A flexible pragmatic approach to establishing individual food allergic thresholds
Published online: August 22, 2019
For more than 20 years, the Netherlands Organisation for Applied Scientific Research (TNO), The Food Allergy Research and Resource Program (FARRP) at the University of Nebraska-Lincoln, and their clinical collaborators across the globe have been collecting data from oral food challenges in an effort to refine knowledge regarding the sensitivity of the allergic population to food allergens. The resulting food-allergic population-based threshold dose distributions have been previously published by The Journal of Allergy and Clinical Immunology (JACI) and others for a number of priority, regulated food allergens (https://doi.org/10.1016/j.jaci.2012.10.034, https://doi.org/10.1016/j.jaci.2013.06.042, https://doi.org/10.1016/j.jaci.2014.10.047). How individual threshold values are derived from the clinical raw data for this purpose is critical, but has not been previously systematically discussed, to our knowledge.
In an effort to standardize individual food challenge data reporting and reduce variability in subsequent population dose distribution results, Westerhout and colleagues have published a transparent framework in The Journal of Allergy and Clinical Immunology (JACI) which can be utilized to derive individual maximum doses tolerated without reaction and minimum eliciting doses during oral food challenges. The framework guides food challenge data interpretation with over 90 examples and different scenarios for determining individual allergic thresholds.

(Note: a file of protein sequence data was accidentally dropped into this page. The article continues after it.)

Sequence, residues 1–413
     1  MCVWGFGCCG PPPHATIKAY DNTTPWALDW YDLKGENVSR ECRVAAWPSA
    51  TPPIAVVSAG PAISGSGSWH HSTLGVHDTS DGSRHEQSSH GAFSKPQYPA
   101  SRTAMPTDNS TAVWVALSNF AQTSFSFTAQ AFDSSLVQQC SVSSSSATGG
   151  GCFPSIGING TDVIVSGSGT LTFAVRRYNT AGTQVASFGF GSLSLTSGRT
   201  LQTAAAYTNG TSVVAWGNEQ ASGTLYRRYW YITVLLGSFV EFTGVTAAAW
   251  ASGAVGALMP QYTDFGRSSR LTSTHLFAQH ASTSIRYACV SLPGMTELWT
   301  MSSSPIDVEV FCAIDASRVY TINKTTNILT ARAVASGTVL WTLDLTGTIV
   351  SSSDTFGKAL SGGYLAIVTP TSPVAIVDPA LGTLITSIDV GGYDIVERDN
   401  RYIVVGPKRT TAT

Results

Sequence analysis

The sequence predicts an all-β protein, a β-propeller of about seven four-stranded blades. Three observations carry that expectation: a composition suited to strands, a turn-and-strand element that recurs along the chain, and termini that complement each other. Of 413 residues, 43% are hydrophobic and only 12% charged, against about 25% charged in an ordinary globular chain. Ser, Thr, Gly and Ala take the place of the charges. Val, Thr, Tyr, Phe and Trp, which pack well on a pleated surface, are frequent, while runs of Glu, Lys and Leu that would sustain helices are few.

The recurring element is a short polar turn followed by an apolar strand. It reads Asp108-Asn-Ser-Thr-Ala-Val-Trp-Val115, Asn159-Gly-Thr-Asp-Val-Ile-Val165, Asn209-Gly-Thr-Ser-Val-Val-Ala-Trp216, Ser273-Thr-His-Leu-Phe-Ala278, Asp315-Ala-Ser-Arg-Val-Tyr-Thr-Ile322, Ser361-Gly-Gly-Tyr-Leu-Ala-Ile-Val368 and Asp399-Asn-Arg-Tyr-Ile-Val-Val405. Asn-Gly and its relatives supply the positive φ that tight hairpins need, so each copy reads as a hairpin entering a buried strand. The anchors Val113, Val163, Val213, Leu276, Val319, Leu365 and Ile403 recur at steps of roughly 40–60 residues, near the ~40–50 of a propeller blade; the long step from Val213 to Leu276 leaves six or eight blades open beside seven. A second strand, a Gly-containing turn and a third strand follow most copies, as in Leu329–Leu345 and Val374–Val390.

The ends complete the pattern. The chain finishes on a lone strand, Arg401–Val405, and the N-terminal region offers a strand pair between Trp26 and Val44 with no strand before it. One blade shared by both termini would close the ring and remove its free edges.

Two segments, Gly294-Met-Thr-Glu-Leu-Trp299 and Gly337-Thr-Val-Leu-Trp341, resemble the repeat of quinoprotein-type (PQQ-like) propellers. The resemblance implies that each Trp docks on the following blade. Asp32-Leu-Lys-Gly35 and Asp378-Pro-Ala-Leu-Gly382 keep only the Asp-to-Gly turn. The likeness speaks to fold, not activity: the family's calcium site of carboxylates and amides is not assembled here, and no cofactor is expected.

In theory, an individual’s objective symptoms threshold dose is based on the first appearance of objective symptoms. However, in reality, food challenges and the occurrence or interpretation of clear, clinically unequivocal challenge-stopping symptoms are seldom straightforward. Symptoms can be transient in nature, appearing and disappearing again, or symptoms can be subjective and need to be confirmed over multiple (increasing) doses. In many cases, a food challenge is continued by the clinician after the observation of objective symptoms, possibly because the investigator requires stronger evidence to confirm the diagnosis of food allergy. The methodology presented by Westerhout and colleagues deals with these issues and can be considered as a conservative, pragmatic and practical approach to balance data analysis from individual diagnostic food challenges for population risk assessment and risk management purposes without overcorrecting in the presence of transient or repeated symptoms.
The framework presented by Westerhout and colleagues provides a transparent, flexible template for interpretation of food challenge results. It provides a step forward towards harmonized food allergy risk assessment & risk management and the framework can be updated in the future based on potential changes in stakeholder opinions/requirements.
The Journal of Allergy and Clinical Immunology (JACI) is an official scientific journal of the AAAAI, and is the most-cited journal in the field of allergy and clinical immunology.